[CentOS] What happened to 6.1

Fri Oct 28 19:37:10 UTC 2011
Marko Vojinovic <vvmarko at gmail.com>

On Friday 28 October 2011 18:54:25 Les Mikesell wrote:
> On Fri, Oct 28, 2011 at 12:47 PM, Ned Slider <ned at unixmail.co.uk> wrote:
> >> The question is, how can a contract containing restrictions on what
> >> you can do with GPL covered content not invalidate your own right to
> >> redistribute, given that the GPL prohibits additional restrictions?
> > 
> > As I understand, Red Hat's AUP is more about protecting content other
> > than sources and binaries that resides on RHN (yes, RHN is far more than
> > just a distribution channel for SRPMs/RPMs). Such content and material
> > is vital in supporting it's customers, and I believe the likes of Oracle
> > and Suse were leveraging such content to try to sell support to existing
> > RHEL customers. This is what Red Hat presumably seeks to stop.
> OK, but then it should have specific exceptions for GPL content
> already 'protected' from such proprietary behavior and restrictions.
> What is the point of the GPL existing if companies are allowed to add
> restrictions when they redistribute?

But RH did not add restrictions. Whatever you get from them, you are free to 
redistribute, in accord with GPL. There can be *no* *legal* *action* against 
you if you do so. OTOH, it is their choice whether or not to give you anything 
else in the future. GPL is not broken by the choice they make.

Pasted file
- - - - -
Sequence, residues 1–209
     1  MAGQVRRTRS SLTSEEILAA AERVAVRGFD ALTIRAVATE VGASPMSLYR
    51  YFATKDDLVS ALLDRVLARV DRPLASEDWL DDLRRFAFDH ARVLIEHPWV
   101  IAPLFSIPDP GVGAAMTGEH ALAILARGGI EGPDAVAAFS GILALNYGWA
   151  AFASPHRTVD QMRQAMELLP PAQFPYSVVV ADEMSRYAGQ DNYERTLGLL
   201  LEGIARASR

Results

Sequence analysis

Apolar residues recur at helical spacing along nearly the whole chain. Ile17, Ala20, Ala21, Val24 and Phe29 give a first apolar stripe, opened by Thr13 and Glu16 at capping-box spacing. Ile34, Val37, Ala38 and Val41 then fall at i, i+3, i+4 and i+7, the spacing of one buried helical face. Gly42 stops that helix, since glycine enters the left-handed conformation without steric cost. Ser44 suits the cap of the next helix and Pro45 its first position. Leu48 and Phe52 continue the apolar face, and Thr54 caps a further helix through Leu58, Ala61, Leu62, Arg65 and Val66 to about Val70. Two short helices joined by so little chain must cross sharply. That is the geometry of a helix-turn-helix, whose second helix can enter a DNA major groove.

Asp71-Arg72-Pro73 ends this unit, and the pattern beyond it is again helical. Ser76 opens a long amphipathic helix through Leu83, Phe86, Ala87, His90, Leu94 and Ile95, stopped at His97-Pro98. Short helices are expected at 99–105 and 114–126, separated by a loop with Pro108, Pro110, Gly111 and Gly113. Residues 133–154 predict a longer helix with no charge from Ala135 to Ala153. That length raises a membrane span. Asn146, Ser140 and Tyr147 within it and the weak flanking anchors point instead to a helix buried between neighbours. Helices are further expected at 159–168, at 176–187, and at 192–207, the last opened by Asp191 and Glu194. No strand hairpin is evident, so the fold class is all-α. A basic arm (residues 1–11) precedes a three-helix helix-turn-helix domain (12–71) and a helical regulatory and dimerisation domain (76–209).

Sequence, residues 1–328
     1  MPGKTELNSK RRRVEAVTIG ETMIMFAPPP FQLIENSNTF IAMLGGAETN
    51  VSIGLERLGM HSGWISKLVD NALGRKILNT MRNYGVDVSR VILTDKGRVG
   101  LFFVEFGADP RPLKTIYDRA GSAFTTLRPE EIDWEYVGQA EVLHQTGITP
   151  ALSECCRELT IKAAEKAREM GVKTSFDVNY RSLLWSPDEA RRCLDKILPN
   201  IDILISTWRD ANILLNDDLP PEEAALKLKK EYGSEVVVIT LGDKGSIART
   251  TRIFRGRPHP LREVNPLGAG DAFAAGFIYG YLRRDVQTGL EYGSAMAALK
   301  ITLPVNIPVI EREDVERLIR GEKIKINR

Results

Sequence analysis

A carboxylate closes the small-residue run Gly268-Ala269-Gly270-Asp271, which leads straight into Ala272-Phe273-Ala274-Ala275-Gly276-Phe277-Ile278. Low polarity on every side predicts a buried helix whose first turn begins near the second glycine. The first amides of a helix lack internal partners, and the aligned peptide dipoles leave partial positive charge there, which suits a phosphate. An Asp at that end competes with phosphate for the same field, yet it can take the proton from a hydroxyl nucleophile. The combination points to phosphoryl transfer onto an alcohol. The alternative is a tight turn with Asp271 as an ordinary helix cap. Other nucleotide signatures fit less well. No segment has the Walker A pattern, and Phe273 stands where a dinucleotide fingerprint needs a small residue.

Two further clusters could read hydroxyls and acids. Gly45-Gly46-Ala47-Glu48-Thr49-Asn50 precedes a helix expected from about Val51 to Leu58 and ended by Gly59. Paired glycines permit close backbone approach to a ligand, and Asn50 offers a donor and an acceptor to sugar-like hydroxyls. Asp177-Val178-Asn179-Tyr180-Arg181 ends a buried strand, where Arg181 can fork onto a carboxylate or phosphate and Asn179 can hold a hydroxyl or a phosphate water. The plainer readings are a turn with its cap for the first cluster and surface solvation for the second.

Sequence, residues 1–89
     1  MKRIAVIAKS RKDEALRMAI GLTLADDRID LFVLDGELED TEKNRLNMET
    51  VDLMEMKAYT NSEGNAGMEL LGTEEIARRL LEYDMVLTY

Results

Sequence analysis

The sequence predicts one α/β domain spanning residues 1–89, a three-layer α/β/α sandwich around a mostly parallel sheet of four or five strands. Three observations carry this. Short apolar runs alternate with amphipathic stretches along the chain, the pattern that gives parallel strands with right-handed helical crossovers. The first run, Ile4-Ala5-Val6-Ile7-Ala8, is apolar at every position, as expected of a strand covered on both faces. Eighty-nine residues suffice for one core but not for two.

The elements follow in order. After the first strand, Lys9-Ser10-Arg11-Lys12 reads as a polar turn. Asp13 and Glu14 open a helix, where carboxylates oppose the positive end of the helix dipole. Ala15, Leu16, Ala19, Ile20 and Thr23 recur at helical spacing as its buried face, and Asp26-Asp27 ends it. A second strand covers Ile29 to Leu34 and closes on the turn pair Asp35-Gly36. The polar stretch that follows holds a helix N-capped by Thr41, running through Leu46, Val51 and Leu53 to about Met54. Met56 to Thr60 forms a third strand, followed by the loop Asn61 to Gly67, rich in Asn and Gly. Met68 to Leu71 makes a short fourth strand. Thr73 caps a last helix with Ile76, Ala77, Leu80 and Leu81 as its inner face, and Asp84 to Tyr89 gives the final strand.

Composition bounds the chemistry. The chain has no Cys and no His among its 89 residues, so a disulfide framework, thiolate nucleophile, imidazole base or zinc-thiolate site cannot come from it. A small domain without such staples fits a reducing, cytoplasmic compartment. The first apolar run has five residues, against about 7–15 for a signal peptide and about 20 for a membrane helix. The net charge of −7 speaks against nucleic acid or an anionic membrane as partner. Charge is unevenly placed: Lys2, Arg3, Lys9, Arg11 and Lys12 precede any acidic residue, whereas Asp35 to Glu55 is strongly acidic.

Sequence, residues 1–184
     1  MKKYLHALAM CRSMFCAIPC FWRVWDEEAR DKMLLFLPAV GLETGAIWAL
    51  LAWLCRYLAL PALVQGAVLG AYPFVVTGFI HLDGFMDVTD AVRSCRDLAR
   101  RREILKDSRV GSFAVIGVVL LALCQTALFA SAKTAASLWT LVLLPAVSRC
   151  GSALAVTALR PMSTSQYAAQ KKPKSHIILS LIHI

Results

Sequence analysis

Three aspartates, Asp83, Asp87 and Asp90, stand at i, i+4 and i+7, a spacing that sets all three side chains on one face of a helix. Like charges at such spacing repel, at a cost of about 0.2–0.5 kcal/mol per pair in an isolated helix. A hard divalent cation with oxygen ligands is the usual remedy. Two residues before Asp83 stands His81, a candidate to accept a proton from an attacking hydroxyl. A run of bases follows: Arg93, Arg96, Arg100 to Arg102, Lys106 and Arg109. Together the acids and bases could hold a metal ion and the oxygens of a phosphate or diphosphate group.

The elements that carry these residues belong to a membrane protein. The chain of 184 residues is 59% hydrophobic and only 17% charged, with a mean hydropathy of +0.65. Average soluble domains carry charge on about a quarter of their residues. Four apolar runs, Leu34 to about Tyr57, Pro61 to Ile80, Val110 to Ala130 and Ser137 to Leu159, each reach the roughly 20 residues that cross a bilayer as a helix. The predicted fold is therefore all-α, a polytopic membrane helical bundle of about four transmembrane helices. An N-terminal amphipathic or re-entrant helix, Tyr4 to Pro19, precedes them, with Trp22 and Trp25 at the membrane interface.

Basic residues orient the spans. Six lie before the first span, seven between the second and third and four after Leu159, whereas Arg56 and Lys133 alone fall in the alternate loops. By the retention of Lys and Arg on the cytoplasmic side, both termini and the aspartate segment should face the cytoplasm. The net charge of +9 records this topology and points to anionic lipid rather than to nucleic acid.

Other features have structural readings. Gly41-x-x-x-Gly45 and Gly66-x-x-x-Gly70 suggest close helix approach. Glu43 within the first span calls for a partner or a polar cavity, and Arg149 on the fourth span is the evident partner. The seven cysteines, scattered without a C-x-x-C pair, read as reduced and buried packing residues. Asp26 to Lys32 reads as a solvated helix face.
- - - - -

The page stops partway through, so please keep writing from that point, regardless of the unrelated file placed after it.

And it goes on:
Of course it is a form of a blackmail --- "don't redistribute or we'll cut off 
future support" --- but that is not in contradiction with the GPL, due to the 
word "future". Rather, it seems to be a loophole in the GPL itself, and a 
pretty nifty one, if you ask me. :-) Also, the essential idea of the GPL (that 
source should be free) is preserved --- you can always take whatever has been 
given to you through RHN and fork a project, without legal worry.

In addition, it appears that the business strategy of RH is essentially based 
on this loophole, and now they are just pushing it to the extreme, thanks to 
the challange from Oracle. It's a good business strategy, and personally I 
agree with it --- RH has found a way to fight other companies from stealing 
their work and customers, while upholding the GPL and giving a lot back to the 
community through upstream patches and support of Fedora. Of course, there are 
some collateral damage side-effects for the clones like CentOS and SL, but then 
that's life, nobody is perfect... ;-)

Best, :-)